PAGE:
product liability cases

1. On what product liability theory or theories would the plaintiffs in the Vioxx cases have been relying? Under tort law: negligence, recklessness and strict liability and also under contract law: express or implied warranties.


2. What legal elements must the plaintiffs prove in order to win the Vioxx cases?

Negligence elements, physical injury, and the breach of duty

3. Are punitive damages routinely awarded, in addition to compensatory damages, in product liability cases? What would the plaintiff in the Ernst case have had to prove in order for punitive damages to have been assessed against Merck?

Punitive damages are not always awarded on top of compensatory damages in product liability cases. In some states, in order for punitive damages to be awarded in a product liability case, the plaintiff would have had to prove that the business displayed some conscious disregard for the safety of the product’s users and by-standers. In those states, a showing of negligence or even strict liability would be sufficient to support punitive damages.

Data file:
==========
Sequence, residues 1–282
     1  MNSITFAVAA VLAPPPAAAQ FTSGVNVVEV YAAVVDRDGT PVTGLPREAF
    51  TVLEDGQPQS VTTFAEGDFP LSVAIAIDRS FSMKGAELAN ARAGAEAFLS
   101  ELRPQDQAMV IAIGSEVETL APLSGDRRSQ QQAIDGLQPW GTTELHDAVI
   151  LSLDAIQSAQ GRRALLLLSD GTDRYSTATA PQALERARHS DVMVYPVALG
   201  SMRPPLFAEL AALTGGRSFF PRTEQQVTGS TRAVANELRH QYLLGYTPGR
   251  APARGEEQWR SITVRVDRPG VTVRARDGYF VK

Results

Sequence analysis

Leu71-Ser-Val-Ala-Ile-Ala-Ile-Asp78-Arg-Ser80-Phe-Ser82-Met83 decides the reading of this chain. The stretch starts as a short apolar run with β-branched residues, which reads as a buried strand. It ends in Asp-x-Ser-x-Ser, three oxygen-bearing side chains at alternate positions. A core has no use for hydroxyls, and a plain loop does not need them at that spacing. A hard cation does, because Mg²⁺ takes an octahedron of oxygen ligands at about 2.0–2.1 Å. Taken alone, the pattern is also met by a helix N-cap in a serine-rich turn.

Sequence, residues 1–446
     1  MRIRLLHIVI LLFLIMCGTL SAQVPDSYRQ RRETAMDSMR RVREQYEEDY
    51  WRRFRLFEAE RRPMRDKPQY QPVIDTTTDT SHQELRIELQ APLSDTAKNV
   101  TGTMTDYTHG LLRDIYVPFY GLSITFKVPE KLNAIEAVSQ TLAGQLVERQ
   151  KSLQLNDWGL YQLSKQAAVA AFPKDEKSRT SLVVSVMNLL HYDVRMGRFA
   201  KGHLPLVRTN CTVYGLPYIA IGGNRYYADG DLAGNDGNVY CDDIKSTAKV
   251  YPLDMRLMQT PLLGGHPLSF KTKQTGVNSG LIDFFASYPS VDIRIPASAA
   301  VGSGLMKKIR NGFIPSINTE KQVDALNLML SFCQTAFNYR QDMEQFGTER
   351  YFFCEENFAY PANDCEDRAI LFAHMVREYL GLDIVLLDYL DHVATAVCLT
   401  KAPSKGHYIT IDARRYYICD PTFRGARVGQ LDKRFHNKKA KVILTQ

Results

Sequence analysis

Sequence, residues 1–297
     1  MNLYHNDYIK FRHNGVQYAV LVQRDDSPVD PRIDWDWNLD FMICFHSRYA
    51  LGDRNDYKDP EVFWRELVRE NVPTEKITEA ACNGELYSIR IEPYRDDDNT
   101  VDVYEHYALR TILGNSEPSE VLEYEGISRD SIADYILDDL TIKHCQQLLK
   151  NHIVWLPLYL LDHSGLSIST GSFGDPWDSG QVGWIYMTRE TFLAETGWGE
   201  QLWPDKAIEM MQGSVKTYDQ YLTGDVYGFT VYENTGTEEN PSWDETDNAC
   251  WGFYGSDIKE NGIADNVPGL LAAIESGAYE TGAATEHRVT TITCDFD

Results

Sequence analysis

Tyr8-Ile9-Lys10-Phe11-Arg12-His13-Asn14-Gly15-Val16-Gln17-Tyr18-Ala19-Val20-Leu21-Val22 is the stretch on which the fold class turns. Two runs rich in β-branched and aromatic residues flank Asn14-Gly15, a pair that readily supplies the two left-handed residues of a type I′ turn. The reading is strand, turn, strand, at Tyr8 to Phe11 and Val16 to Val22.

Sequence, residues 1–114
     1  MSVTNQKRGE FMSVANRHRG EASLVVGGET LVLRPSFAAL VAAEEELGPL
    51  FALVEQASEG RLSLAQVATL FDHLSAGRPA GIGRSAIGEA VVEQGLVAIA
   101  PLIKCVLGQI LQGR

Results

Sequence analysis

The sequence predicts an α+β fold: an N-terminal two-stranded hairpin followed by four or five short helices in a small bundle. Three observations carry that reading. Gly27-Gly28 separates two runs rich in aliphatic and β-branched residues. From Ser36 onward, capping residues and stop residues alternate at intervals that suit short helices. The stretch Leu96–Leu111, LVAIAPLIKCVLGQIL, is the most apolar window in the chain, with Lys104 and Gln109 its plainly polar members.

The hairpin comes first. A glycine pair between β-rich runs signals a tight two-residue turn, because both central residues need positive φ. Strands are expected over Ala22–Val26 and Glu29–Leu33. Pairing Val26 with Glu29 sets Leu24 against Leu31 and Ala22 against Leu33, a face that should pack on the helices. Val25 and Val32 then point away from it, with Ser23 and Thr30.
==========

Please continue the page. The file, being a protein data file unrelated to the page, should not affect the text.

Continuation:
If a manufacturer’s product works well for most users but the manufacturer is aware that some users may experience harm as a result of using it, what would utilitarian’s and rights theorists say concerning whether the manufacturer has an ethical obligation to warn about the risk of harm or to suspend sales of the product? (You may wish to consult the discussion of ethical theories in Chapter 4 as you answer this question

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